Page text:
The key mistake investors make is to look at high water marks in asset prices as a target for something that is going to repeat. That is an incorrect reference point, because a high water mark from a previous bubble could have been a false data point generated by a bubble, or a buying panic or it was caused by false perceptions about an investment. A more reliable benchmark is to use the income method of lending, which in real estate for homes owned by the bottom 99% is ultimately based on the earned income of the general population. The bottom 50% to 90% of the population has been stuck in a rut of no real personal income growth since 1998. So that means they can’t engage in a bidding war to buy a home even if there is the appearance of demand in the form of more household formation or a greater desire to move to a house in better condition.
The qualitative nature of earned income has degraded over the past 30 years. In the old days people got a base salary and that was it. Now people may earn a living as an independent contractor but due to fluctuations in income their income is shaky and thus it is too risky for the bank to loan money to them. This problem was fixed with the use of Easy Qualifiers but since 2009 these loans have not been available so many potential borrows can’t qualify. The shaky nature of their income means that they really should not be allowed to buy; the bank is doing them a favor to decline their loan request. The real problem is that personal income is more volatile and less reliable than 30 years ago so people are actually poorer than they think. It is like the Sharpe ratio for investments. When an investment is extremely volatile then on a risk adjusted basis it really was not that profitable, according to the Sharpe ratio. The increasingly less reliable nature of U.S. residents’ personal income means that (when using the income method of lending) less people qualify for a loan, which has been exacerbated by the end of “Easy Qualifier” lending.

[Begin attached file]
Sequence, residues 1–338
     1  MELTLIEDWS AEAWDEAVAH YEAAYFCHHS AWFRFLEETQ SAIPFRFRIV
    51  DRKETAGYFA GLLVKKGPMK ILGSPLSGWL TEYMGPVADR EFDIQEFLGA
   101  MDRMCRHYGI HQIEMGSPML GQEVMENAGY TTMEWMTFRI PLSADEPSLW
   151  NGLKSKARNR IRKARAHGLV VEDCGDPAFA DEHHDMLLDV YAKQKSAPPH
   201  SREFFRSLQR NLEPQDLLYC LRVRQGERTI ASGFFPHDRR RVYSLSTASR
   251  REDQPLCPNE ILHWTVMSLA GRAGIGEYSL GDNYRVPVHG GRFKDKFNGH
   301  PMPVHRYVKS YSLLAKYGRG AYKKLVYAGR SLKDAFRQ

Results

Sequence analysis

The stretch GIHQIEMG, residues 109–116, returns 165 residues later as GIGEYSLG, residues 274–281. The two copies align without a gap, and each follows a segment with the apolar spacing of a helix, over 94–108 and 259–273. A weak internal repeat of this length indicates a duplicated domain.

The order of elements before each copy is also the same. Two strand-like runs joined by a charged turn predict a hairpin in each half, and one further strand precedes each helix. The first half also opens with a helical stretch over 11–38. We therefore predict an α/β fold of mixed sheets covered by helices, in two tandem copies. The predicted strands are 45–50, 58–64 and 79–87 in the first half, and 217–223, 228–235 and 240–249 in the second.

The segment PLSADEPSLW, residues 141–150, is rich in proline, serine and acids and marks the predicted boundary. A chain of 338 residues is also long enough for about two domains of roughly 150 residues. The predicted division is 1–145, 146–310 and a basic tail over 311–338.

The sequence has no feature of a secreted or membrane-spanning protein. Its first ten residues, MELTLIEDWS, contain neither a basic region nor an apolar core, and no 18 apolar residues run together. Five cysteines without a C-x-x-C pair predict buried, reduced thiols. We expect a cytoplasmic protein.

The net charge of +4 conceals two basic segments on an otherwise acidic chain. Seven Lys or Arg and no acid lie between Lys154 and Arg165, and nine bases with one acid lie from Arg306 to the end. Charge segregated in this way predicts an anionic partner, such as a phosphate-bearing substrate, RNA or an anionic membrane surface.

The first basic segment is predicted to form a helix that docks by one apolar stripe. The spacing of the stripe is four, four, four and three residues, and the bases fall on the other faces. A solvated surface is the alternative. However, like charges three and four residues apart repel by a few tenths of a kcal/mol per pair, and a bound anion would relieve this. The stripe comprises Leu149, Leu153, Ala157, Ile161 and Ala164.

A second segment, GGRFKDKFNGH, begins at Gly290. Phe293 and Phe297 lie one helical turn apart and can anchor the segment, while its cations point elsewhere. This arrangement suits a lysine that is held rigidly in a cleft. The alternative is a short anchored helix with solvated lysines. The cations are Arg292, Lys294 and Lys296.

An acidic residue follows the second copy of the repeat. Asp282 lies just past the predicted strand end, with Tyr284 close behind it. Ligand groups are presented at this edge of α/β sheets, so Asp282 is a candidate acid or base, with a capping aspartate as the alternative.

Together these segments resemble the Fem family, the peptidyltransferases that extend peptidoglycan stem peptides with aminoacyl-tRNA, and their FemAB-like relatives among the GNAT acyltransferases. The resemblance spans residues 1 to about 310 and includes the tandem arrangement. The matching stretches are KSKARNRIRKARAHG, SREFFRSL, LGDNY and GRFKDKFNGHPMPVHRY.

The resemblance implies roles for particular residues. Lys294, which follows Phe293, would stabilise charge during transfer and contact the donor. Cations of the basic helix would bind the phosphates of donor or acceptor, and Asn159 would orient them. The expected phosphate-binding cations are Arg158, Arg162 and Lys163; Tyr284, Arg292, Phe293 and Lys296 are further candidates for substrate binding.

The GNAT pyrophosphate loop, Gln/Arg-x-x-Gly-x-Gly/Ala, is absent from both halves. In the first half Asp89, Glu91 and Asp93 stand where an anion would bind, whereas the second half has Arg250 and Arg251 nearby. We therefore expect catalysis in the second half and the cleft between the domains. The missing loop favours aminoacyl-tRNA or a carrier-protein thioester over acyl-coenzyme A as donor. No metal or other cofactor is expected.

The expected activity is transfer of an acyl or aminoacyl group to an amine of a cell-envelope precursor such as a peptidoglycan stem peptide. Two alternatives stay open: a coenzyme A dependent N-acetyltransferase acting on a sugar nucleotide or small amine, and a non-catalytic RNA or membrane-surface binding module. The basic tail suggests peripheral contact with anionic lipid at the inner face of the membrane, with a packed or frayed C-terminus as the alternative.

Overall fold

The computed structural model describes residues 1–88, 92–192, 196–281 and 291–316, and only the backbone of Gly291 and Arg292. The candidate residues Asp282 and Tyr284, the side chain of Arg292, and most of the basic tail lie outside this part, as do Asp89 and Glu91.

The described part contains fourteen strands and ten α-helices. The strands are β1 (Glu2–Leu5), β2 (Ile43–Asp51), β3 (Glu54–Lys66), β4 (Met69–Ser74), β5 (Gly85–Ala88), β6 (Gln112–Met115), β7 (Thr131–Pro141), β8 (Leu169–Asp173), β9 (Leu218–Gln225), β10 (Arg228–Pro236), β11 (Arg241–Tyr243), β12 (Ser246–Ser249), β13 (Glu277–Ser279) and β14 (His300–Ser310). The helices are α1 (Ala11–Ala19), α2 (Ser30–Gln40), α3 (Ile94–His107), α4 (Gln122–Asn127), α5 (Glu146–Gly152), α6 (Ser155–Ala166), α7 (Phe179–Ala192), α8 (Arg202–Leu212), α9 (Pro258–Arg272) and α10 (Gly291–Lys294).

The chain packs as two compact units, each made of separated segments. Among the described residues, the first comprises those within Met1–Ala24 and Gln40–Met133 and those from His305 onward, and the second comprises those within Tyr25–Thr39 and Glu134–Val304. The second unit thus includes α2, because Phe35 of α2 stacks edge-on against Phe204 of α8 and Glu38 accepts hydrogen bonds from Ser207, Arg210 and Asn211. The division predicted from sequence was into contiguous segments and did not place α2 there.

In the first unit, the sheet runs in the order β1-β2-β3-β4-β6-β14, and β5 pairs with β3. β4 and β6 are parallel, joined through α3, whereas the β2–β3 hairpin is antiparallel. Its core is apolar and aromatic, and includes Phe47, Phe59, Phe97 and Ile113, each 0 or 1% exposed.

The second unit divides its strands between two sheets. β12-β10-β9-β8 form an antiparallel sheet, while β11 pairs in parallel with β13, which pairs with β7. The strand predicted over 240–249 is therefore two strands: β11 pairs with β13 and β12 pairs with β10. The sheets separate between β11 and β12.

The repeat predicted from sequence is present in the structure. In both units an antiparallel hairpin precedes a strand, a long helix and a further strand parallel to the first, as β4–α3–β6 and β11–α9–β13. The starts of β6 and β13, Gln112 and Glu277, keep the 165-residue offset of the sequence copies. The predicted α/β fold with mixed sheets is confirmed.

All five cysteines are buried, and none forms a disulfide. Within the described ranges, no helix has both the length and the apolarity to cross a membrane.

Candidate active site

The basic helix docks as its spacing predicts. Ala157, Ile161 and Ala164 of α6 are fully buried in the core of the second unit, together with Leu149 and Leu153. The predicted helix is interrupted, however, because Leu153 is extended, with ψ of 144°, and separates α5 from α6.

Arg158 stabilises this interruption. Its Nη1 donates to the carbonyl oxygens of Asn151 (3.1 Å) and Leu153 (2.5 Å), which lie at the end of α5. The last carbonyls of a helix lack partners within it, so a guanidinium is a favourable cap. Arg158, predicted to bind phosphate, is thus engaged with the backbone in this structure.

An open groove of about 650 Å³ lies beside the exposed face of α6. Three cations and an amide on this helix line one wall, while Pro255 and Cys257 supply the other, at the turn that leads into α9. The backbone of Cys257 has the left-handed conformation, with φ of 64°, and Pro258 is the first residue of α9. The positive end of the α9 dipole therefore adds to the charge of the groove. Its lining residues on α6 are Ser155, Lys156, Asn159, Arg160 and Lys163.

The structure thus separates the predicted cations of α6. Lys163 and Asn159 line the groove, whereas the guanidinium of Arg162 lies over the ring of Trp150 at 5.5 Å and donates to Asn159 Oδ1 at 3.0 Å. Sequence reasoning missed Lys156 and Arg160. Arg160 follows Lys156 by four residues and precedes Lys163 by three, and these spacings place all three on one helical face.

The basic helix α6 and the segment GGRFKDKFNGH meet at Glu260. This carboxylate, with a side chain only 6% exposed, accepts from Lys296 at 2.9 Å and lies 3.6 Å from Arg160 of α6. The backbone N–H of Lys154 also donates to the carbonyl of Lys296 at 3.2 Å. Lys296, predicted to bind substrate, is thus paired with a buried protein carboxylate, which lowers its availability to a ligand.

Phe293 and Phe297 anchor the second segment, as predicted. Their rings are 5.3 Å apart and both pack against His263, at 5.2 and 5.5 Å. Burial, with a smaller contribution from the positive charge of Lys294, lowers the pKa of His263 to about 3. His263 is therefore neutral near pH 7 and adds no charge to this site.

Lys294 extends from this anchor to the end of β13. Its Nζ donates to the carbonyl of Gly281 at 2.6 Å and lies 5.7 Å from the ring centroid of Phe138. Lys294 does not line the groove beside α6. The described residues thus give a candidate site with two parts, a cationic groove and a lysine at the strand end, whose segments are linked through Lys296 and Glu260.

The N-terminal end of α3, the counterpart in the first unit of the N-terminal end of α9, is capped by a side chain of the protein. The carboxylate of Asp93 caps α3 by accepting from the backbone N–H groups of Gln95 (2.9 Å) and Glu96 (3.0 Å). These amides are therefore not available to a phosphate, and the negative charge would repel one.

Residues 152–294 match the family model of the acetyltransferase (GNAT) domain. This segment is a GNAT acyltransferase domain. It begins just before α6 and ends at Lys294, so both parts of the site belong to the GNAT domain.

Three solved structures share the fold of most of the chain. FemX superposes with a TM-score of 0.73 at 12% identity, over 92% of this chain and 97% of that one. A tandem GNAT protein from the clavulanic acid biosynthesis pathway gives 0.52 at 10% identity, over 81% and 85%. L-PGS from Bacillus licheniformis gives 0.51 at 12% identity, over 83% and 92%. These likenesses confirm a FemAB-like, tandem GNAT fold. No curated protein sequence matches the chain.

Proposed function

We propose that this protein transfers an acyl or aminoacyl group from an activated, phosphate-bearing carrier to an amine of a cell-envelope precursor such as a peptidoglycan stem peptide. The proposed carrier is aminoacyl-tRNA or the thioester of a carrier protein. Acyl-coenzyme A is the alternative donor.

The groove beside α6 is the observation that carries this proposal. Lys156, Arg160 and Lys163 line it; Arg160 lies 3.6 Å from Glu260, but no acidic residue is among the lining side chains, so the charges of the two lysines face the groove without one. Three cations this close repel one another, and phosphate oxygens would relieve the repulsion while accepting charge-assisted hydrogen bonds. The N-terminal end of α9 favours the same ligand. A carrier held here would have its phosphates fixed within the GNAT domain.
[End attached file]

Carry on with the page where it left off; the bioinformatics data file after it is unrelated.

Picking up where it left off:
Another inhibitor of demand is that the public needs to spend the next several years deleveraging by paying down debt. This means the public needs to either avoid buying a more expensive home or may even need to downsize and buy a less costly home.
Some exceptions apply
The exception to this article would be the upper middle class neighborhoods in coastal California where there is pent up demand where some people with excess liquid assets could use liquid assets to buy a more expensive home and where the desire to move into a Mediterranean climate is so great that people from all over the world are interested in moving to coastal California. A rough guess is that the desirable affluent areas with a Mediterranean climate are only about 3% of the U.S. housing stock, so this area is not reflective of the rest of the country. Another exception would be for the top 1% of the population who often live off of passive investments which have gone up due to the phony stock market bubble caused by the Fed’s Quantitative Easing. These people were hurt the least by the development of the “new economy” and have plenty of liquid assets so that they can buy a home without a mortgage.
Most of the recent appreciation in homes recently was concentrated in the top 5% of home prices with the rest showing much more modest gains.
Investors need independent financial advice about the risk of hidden bubbles caused by looking at assets instead of income data.